February 4, 2011
I just read where the Long Beach, California Bishop, William Ervin, has asked black youngsters to stop letting their underwear droop so low it is shocking and disturbing to the few remaining normal citizens who chance to encounter them as they sashay around town.
The teenagers and preteens are also advised they should pull up their pants and underpants to “show respect for Black History Month.” Now what this has to do with showing respect for Black History Month is beyond me. What is Black History Month anyway?
They showed a picture of Roberto Clemente, Willie Mays, and Hank Aaron. In another portrait was the great Jackie Robinson. All four of these gentlemen were truly great baseball players. I am sure every youngster has heard of them, and, of course, with Jackie Robinson no one could say he wasn’t a part of American history. When we salute these great athletes, are we honoring their sports accomplishments or are we trying to convey a much more profound lesson?
History was always my favorite subject from elementary school through college. History was almost a passion with me. I did not consider it hard work to study history because to me it was fascinating to learn the history of the world, the history of the creation of America, and the history of empires who at one time or another dominated their part of the world until a combination of events saw them relegated to the dustbin of history.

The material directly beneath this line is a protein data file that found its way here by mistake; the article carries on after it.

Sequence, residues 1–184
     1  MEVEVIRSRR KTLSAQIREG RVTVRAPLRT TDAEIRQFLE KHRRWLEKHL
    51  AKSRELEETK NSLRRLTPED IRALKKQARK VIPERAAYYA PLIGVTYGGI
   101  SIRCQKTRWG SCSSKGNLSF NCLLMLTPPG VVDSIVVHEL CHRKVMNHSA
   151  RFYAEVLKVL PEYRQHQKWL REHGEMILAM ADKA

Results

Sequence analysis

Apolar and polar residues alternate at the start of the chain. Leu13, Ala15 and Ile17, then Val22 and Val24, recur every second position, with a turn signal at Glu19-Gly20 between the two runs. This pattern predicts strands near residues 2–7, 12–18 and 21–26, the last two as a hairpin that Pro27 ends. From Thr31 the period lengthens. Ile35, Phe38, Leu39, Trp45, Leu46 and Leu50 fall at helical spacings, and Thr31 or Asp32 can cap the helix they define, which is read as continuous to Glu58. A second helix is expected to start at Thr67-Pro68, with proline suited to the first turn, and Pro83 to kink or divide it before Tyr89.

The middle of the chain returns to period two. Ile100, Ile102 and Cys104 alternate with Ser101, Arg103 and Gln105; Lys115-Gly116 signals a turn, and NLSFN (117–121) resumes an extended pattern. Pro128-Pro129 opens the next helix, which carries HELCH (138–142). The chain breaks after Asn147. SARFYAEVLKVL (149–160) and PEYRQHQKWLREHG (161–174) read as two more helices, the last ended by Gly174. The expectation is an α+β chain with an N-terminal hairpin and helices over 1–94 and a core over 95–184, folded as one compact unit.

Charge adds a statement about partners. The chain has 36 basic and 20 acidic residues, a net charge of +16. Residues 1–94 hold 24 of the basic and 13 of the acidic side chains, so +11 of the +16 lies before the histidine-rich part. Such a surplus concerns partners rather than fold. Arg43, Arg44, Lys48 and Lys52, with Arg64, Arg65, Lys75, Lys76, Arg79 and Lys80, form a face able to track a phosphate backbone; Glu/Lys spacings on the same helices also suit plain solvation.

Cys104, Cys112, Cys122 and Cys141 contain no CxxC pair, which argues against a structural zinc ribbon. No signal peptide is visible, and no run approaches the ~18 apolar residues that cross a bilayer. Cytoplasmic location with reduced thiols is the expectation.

But, if someone were to say to me, “Robert, did you study your history lesson today? Did you learn how many home runs Babe Ruth hit? Did you learn how many games Cy Young won?” I would think this person was confusing the study of history with the study of the sports pages.
I am not in any way minimizing the accomplishments all our great athletes have achieved. But, to suggest that this is somehow what a black youngster should consider as a knowledge of history, seems to me to be absurd. But, what is the reason for so-called Black History Month anyway? And what about our non-black youngsters who may be white or Asian? What month is set aside for them?
The truth of the matter is that great intellects like Dr. Thomas Sowell and other black academics feel the time has come to stop observing a black history month. If an African-American youngster still has self-esteem problems, what good has this feel good about yourself charade accomplished?
Maybe it is the white youngsters that need some esteem building. Come to think about it, what has happened to all teenagers, regardless of race? They seem to be lazier than ever. They seem to be interested only in sex and they have less and less self respect and respect for their parents with each passing year.
Am I being too critical? Am I being too negative? Perhaps. But, I ask all of you reading this to let me know what you think and I also ask you to read the February 1 column written by Kevin Mooney in The American Spectator online. You can find the story by clicking here
I want to thank my good friend Alex of White Plains for calling my attention to Mooney’s excellent article.